Homeless or disabled college students in eight California counties will soon be able to use their CalFresh electronic benefits transfer cards to buy food at campus food services.
Author: Lisa Renner
Gov. Jerry Brown recently signed into law SB 877, which requires the state Public Health department to collect information on the circumstances surrounding any death caused by physical force or power against someone, including homicides and suicides.
At convenience stores and gas stations across the state, bright yellow signs are posted prominently on front doors: “Under 21/ No Tobacco.” Libby Brown, a 16-year-old from Turlock, has no problem with the new state law, which went into effect in June, even though it raised the legal smoking age from 18. She wasn’t planning to smoke anyway. “I think it’s a good law because it will make it so there’s not as many smokers,” she said. But 18-year-old smoker Paige Shafer, who lives in North San Juan, is upset that her once legal right to use tobacco has been abruptly taken away. She now has to get others who meet the age limit to get her cigarettes.
The pending ballot battle over a proposal to legalize recreational marijuana in California raises a crucial question: would the change expose more children to pot or protect youth from access to the drug by tightening regulations?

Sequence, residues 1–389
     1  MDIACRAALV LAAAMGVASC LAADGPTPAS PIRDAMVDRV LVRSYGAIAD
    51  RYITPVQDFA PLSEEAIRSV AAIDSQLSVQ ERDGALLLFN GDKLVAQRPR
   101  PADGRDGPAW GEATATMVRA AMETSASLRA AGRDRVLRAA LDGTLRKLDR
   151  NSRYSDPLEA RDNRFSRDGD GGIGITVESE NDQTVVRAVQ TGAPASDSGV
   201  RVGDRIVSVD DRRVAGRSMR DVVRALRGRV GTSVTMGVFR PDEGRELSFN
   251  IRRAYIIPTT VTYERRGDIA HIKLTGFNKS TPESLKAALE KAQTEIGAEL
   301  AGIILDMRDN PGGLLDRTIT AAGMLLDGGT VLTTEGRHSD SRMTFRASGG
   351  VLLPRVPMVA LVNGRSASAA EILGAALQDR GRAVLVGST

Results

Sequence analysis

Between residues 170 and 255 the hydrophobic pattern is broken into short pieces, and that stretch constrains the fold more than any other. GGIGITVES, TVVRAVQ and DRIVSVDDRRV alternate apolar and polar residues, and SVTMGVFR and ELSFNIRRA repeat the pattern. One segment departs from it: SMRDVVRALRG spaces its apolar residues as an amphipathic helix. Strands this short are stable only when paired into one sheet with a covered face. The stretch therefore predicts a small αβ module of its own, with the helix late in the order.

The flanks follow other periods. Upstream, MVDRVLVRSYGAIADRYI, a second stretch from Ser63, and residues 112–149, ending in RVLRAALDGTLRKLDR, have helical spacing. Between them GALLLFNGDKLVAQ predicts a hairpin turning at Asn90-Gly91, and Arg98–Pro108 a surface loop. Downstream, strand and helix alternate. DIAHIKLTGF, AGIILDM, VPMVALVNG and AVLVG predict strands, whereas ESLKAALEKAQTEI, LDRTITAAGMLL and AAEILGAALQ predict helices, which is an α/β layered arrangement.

There’s no doubt in Veronica Morales’ mind that placement in a caring foster family is far superior than placement in a group home. The Turlock resident, who spent much of her childhood in family foster care, said her brothers seemed like “robots” after their stay in a heavily structured group home.
It’s not often that 7-year-old Joseph gets to play in the water, but the wheelchair-bound boy had a great time doing just that on a trip to Crab Cove at Crown Memorial State Beach in Alameda.
State law or no state law, Grass Valley mother Kay Pisarek is adamant that she won’t vaccinate her 8-year-old son – because she believes vaccines are unsafe.
A year after California added nearly a million children to the Medi-Cal program, advocates say the state is not doing enough to ensure that all of those kids have access to doctors and other health care providers.
To motivate Lake County residents to get moving earlier this year, public health workers used a charming mascot named Rocky the River Otter. They handed out several of the stuffed animals and asked participants in their “Move More 20+14” physical challenge to photograph themselves exercising next to the cute toys. Rocky ended up in pictures at such locations as an elementary school hula-hoop session, yoga classes and on top of a mountain. The challenge, which asked participants to do moderate exercise 20 minutes a day for 14 weeks, beginning in January, was one of many projects funded through the Community Transformation Grant Small Communities Program.
Children love pulling fresh carrots out of the garden or picking berries off a bush. It’s fun to eat food they have grown themselves. The Imperial County Childhood Obesity Project is funding community and school gardens in hopes that kids who enjoy gardening will eat more fruits and vegetables, and ultimately slim down.